Waiting For The Ticket

Brett Rheeder backflip tailwhips his way to victory at the 2016 Red Bull Joyride event at Crankworx in Whistler, British Columbia.

Waiting For The Ticket Brett Rheeder's Steady Rise to Slopestyle Stardom

On a warm August evening in 2006 I finished riding my bike in the backyard and got online to see what was going on in the mountain bike world. To my surprise and amazement, I came across a live slopestyle contest that was being streamed on the homepage of Pinkbike. The event was in Whistler, British Columbia, and it was part of a huge mountain bike festival called Crankworx.

Up to that point, I’d never seen or heard the term “slopestyle,” but the longer I watched, the more strongly I connected with what was going on. It was exactly what I was striving to do in my backyard, but on a professional level.

“Come watch this!” I shouted to my family, who rushed over to watch the first of what would be many slopestyle contests we’d see together.

I went to bed that night manifesting what the next 17 years of my life would look like.

Three years later, I traveled to Winter Park, Colorado, ready to compete in my first slopestyle contest at Crankworx Colorado. The field was stacked with professional athletes, but the contest was open to qualifiers which meant anyone could sign up. I was only 16 years old, and the youngest in the field next to Colin Westeinde, a Whistler kid who was in the same situation as me—young, somewhat inexperienced and new to slopestyle competition.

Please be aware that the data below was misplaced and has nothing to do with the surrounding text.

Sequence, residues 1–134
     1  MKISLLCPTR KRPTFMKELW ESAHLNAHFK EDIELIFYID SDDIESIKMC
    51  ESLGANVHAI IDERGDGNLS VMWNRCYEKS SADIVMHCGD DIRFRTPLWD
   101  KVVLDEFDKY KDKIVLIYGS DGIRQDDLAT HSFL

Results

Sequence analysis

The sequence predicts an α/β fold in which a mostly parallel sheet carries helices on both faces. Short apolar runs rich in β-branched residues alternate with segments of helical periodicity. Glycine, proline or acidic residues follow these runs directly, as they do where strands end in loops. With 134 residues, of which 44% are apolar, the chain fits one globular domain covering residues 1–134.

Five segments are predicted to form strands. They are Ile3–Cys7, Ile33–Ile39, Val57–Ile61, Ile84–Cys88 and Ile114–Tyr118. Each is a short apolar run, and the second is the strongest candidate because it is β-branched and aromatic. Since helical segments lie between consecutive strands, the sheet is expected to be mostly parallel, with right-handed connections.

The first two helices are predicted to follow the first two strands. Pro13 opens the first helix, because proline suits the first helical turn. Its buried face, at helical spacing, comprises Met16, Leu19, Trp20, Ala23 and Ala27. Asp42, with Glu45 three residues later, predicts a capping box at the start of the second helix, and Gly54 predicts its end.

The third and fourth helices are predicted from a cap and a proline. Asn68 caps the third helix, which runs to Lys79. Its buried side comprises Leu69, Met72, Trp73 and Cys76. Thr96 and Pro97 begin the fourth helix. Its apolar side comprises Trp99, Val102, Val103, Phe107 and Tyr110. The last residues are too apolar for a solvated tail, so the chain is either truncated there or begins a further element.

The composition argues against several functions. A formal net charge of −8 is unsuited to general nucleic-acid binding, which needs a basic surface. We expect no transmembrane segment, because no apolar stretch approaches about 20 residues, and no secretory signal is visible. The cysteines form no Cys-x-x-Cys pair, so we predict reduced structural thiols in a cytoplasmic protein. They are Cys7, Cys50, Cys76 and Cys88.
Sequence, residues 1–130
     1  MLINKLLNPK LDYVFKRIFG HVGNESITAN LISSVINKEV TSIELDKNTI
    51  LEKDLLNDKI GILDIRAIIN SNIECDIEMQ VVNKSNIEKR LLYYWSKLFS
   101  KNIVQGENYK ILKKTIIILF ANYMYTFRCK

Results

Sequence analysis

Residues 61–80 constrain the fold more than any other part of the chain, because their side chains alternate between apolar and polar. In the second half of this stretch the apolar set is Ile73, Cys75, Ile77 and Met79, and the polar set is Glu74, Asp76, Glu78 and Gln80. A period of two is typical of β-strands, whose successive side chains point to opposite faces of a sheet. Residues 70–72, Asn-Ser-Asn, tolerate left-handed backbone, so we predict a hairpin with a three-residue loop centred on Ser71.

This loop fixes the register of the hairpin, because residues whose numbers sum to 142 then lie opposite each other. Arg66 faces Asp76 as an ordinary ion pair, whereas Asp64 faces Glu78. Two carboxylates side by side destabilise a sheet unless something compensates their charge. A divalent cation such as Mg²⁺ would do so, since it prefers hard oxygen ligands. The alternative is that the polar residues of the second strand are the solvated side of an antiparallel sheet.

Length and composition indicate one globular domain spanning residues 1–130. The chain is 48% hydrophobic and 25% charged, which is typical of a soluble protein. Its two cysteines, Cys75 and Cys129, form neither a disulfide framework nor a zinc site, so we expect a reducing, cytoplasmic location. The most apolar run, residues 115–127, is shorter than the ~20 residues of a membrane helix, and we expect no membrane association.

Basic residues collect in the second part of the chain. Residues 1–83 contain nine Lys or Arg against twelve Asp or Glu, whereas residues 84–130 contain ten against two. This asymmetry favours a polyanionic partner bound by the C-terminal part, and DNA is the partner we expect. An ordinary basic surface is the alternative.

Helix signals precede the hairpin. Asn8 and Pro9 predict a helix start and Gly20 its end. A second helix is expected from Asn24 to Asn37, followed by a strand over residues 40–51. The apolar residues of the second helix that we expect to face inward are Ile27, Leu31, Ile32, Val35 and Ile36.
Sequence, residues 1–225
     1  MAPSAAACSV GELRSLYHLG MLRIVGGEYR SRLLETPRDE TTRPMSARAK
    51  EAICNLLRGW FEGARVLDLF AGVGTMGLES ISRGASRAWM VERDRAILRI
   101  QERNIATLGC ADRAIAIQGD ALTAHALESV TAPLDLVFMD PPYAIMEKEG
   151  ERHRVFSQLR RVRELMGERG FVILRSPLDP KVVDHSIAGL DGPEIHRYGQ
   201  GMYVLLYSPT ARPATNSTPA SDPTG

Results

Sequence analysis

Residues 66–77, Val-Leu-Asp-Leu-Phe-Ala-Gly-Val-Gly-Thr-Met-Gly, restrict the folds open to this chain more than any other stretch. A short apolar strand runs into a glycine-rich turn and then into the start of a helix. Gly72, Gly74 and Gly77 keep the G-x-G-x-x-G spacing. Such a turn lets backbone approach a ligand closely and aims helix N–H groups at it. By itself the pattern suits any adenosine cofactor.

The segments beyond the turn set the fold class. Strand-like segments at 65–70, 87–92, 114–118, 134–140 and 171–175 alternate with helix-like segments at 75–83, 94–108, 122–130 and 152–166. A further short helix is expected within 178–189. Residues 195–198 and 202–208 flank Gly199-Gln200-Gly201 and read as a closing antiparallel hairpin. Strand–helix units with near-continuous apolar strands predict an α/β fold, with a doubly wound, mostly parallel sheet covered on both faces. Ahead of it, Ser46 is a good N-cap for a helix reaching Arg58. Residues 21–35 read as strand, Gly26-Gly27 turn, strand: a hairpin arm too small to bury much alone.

We quickly became friends and started planning our runs together. I was relieved to have someone to practice with because I felt intimidated and out of my league. Colin seemed less fazed than me. After one look at the course, I realized I had some learning to do. The first feature was a rock roll into an elevated wooden spiral that led to a big drop—definitely a move that would require two brakes. I’d never even owned a bike with front and rear brakes, and it was clear that my rear brake would not suffice. My mom drove us down to Denver to buy a front brake so that I’d be prepared for the first practice the next day.

Not long into my debut practice, I was starting to get comfy on some of the easier jumps and Colin and I began to push each other. I figured it would be a good time to try my first backflip on an actual slopestyle course. I came into the jump, pulled back, rotated the flip and spotted the landing, which was already long gone. I had almost twice the speed that I needed and I over-rotated straight to my back. My head hit the ground hard, resulting in my first concussion.

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